1. Russian has about 500,000 words, but only 2,000-2,500 of them are used frequently. 100 most frequently used words make 20% of all written and oral speech. A high school graduate's vocabulary usually has 1,500 to 4,000 words. Those who have graduated from a higher educational institution normally have a richer vocabulary consisting of approximately 8,000 words.
2. It's compulsory for all astronauts in the international space station to learn Russian, so we can call it an international language of space :)

How to Reply To a Negative Feedback About Your Translation

We are humans and we screw up many times!

And receiving a negative feedback about your translation work if one of them.

As translation professionals, we work daily with people from different cultures and backgrounds. So, it is quite important to keep a level of etiquette while we do our business communication.

Whatever your years of experience or your educational background, there are times when daily life affects our business badly. It is how we react to these situations what makes a big difference between professional translation service providers and those who are not.

I was lucky enough when I started my translation career back in 2004 to read about the “A Complaint Is a Gift” business book and receive my training by a true professional Arabic translator.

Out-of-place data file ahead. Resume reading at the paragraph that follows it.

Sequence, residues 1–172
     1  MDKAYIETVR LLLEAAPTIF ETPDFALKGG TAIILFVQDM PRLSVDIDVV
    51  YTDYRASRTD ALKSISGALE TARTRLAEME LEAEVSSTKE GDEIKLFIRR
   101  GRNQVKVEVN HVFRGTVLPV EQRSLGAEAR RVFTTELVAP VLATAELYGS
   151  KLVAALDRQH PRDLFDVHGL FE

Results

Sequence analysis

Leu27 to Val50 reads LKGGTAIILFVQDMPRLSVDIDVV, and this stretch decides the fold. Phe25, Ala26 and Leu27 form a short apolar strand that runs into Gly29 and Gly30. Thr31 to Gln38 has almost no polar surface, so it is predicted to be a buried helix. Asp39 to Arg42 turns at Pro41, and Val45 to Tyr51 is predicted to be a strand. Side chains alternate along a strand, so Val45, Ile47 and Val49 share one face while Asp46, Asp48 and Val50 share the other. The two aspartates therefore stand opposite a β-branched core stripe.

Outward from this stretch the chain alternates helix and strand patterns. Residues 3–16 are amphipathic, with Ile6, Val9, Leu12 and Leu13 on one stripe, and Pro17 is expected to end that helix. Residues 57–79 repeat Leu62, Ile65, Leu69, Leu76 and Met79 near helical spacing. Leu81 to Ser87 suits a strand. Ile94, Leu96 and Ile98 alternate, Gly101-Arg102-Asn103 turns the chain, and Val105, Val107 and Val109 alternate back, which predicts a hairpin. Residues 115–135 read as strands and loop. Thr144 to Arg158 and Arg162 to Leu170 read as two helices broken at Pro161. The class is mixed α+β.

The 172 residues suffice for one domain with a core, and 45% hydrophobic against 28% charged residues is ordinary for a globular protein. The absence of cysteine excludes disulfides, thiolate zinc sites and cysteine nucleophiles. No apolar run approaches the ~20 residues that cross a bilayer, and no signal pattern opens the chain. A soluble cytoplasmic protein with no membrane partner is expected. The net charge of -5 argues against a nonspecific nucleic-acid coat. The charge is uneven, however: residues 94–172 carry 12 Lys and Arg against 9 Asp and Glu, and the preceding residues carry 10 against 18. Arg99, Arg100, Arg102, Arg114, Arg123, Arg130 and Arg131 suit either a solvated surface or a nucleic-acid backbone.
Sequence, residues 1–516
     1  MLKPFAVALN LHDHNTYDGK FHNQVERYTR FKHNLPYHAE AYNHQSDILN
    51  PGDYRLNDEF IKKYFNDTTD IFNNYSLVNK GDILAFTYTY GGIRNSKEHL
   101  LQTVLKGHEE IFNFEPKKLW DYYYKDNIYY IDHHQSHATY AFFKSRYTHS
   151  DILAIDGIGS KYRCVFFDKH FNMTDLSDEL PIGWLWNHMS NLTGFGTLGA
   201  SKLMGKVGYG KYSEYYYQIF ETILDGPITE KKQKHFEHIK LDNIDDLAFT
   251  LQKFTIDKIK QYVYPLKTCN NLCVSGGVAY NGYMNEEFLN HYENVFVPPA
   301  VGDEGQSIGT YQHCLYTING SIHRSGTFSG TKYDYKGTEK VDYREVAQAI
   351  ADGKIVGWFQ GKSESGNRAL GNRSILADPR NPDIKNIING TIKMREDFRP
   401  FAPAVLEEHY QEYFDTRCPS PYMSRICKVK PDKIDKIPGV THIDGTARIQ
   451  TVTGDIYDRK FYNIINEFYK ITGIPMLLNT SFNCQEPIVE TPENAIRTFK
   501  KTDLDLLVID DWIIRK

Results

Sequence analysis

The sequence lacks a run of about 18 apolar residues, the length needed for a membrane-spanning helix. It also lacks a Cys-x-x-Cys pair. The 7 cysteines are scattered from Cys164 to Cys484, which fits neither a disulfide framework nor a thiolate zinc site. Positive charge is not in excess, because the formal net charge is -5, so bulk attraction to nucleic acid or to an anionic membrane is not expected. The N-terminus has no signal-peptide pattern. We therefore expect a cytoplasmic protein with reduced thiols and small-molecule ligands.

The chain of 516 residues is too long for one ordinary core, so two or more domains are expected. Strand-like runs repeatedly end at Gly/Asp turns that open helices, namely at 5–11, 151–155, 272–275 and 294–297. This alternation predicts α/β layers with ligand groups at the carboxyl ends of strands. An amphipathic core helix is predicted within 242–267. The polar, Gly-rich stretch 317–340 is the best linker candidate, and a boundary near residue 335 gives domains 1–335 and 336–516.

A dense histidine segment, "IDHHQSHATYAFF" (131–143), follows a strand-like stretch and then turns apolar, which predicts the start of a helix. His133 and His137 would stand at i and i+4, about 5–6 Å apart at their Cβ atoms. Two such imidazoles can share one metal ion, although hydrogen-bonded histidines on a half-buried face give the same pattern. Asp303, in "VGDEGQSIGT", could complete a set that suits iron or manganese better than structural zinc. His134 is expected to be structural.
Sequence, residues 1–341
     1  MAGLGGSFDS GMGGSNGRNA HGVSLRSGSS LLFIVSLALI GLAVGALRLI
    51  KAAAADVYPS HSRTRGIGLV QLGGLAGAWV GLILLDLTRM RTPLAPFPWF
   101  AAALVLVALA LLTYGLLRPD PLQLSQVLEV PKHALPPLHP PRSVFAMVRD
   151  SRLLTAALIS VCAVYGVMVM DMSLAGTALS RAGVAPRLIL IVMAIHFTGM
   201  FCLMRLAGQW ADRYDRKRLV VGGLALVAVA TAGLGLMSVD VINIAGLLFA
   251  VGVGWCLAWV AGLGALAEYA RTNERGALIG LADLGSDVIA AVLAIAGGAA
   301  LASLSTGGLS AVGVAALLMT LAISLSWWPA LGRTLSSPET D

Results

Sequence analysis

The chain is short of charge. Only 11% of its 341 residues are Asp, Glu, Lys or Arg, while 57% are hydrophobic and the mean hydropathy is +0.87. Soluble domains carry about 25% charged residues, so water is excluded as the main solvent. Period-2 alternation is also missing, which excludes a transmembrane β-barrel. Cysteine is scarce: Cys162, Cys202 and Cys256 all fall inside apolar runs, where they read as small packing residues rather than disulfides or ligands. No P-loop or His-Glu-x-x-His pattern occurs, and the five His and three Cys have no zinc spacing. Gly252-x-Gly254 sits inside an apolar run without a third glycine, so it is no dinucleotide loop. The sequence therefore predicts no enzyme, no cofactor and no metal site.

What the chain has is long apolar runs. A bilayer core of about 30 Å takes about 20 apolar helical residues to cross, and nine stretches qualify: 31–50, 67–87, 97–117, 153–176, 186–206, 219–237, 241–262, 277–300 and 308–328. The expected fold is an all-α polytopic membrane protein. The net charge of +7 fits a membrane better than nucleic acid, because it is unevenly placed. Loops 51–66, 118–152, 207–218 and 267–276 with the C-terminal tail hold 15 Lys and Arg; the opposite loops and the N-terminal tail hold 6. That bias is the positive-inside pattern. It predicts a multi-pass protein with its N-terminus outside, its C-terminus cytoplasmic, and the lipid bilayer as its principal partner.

My colleague taught me the tactics of a professional’s reply to a negative feedback and the book mentions the bright side of receiving a complaint about your work. If the client does not like your work, he can just move to anothe…

Guest post: Where is Marketing Translation Heading in 2017

2016 was some year! It was a year when the breakneck speed of globalisation got a bloody nose, first from the Brexit vote in Britain and then the U.S. Presidential election shock result. In many parts of the world it felt that the trend towards greater communication and business expansion worldwide might slow down, even contract as communities in many countries signalled their discontent with being left behind. Could this affect the translation industry in 2017? It seems unlikely at this stage. 2016 saw a big spurt in the need for translators and there seems no signs of this slowing down in 2017. So what are the trends on the horizon, especially for marketing translation in 2017?
More demand for video translators Marketing is using the power of video more than ever. As consumers demand ever increasing amounts of data access and are using their mobile devices to make choices over buying preferences, video marketing has an ability to sell products in a more lifelike way than still imag…